Update: Engrossed Second Substitute House Bill 1110 passed 53-43-0-2 this evening after 9 amendments and hours of debate. It now goes to the Senate, where it faces an even tougher audience.

5:00 Wednesday is the deadline for bills to get voted out of their original chamber.

Second Substitute House Bill 1110, which would bring Washington up to speed with California and Oregon on fuel pollution standards to reduce greenhouse gas emissions, is still sitting on the floor calendar. Even though the bill won’t get Washington’s climate emissions headed downward by the 2020 deadline set by many scientists, every bit helps.

SHB 1793, the surviving bill to allow Seattle to use automated camera enforcement for its bus lanes, is also still on the floor calendar. The bill would allow Seattle to use the cameras for other neat purposes too, like fining box blockers, crosswalk blockers, and emergency vehicle blockers.

These bills might not come to a vote at all if representatives don’t hear from their constituents that the bills are important.

You can look up your legislators’ contact information here.

6 Replies to “Two Key Climate & Transit Bills Face Wednesday Deadline”

  1. My legislators are a bunch of conservative DBs, so I won’t bother. There is no use in arguing with a wall or a box of rocks. Been there, done that.

      1. I agree. You never know about these things. With regards to the automatic enforcement, I think the best argument is that it is like a parking ticket. It doesn’t go on your record, you can’t fight it when it occurs, but you just pay it. Like a parking it, I think it makes sense to have increasing fines. The first time it might be a mistake, but not the fifth.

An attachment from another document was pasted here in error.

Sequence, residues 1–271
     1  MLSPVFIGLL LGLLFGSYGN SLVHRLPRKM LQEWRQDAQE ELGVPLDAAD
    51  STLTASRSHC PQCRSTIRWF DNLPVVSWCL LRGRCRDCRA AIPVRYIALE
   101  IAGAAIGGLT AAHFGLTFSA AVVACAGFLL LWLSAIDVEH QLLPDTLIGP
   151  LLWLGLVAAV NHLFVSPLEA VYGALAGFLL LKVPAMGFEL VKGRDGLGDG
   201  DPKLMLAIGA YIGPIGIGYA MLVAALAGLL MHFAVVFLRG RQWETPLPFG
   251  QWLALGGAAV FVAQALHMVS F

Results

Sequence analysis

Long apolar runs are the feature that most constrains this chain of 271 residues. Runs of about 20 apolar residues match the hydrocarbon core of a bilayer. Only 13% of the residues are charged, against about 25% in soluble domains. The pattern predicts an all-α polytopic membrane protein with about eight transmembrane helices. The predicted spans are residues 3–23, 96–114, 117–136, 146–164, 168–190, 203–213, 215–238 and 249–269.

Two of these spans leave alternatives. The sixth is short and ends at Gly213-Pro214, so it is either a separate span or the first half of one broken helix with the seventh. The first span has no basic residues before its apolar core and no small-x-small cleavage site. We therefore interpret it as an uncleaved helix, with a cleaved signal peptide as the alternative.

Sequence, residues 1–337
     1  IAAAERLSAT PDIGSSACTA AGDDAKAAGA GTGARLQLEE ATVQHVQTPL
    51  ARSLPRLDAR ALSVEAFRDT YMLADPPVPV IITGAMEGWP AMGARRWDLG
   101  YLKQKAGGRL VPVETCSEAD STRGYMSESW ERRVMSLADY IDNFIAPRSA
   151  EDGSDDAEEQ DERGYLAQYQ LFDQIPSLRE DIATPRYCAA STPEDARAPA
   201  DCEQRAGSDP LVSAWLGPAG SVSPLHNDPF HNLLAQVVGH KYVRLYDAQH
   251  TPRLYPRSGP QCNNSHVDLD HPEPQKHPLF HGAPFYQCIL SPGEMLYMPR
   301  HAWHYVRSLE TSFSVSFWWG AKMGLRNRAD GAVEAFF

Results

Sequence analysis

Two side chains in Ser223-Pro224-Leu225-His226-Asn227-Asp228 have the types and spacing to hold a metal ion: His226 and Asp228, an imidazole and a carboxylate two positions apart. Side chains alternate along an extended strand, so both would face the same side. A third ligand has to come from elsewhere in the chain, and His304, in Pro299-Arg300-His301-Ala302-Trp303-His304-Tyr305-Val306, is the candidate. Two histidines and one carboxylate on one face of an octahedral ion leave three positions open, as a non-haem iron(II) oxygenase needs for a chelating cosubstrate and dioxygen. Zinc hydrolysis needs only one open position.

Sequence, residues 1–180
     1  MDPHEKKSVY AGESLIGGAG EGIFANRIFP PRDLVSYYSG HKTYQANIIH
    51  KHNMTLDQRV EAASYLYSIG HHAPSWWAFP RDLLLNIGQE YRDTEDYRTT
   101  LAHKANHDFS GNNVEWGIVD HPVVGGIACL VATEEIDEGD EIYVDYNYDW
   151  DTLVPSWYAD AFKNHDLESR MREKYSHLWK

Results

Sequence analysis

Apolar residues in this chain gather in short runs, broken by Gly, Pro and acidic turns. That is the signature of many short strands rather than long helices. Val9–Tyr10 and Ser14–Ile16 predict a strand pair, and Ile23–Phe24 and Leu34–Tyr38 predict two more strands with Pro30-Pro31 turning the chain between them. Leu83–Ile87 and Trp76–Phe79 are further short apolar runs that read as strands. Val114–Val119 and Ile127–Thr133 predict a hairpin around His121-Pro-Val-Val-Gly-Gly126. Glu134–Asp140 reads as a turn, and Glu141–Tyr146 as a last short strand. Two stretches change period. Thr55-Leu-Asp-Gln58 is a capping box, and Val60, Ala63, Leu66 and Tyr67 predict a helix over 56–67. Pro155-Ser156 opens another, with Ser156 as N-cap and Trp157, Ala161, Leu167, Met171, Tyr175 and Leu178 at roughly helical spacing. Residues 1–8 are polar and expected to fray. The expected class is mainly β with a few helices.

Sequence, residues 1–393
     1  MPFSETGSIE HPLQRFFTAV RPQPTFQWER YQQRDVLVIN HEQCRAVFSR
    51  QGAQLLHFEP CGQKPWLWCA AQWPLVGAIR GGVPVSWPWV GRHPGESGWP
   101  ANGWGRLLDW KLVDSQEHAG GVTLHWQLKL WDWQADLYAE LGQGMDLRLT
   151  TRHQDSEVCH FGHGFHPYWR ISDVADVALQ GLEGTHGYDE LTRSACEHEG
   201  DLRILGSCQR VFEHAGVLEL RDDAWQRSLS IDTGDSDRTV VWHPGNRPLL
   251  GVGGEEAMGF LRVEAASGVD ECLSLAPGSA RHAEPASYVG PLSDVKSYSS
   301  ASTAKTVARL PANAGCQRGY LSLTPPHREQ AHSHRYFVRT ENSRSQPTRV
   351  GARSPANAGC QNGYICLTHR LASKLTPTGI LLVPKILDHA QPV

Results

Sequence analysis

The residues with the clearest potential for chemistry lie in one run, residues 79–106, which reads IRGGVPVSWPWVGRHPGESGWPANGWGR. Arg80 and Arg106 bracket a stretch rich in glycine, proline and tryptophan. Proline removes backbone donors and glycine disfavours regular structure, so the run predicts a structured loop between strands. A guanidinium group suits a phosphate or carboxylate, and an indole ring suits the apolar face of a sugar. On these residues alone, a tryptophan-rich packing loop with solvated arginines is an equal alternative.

2. Even if they don’t read the letter much they’ll tally it as “N comments for, N comments against”. That could mean something if there are an overwhelming number of comments against their position. The trick is how to make this visible to people other than the legislator, and to the next legislator in that position, so they can’t just bury the information and nobody would know. When you submit comments to an EIS, the comments are published in the report, and when ST asks for feedback it often gives a summary of how many people responded for or against something. But how do you apply that to a legislator? If you write to a city councilmember you can cc the other councilmembers. But if you cc legislators in other cities, they may not care.

      3. The alert that was posted this (Wednesday) morning, links to a form-letter tool that keeps count of how many of that form letter have been sent through that tool. The effectiveness of form letters in general is questionable. The effectiveness of a scoreboard where the number runs into the 1000s makes a point. That tool can then provide whatever contact info the writers used, to add to their own contact list.

        Just emailing legislators directly gets a better response out of an individual legislator, if they have time to see it before debate on the issue, especially if it is not a form letter. Ambitious political operatives can than submit an Open Records Request for all correspondence the legislator received on that bill, and mine them for contact info.

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